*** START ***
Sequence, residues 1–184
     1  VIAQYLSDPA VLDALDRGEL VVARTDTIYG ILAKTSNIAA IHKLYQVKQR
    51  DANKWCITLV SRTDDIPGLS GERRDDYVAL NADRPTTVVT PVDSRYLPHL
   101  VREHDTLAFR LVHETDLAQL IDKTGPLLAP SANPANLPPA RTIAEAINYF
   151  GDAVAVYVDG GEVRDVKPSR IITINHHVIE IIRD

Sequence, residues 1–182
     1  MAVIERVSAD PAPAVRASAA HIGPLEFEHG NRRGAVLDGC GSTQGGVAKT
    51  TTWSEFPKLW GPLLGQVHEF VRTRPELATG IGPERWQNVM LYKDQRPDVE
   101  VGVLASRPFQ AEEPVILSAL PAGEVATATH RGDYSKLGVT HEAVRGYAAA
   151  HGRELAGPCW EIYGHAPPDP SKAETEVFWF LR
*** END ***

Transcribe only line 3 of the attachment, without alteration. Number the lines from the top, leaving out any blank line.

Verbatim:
    51  DANKWCITLV SRTDDIPGLS GERRDDYVAL NADRPTTVVT PVDSRYLPHL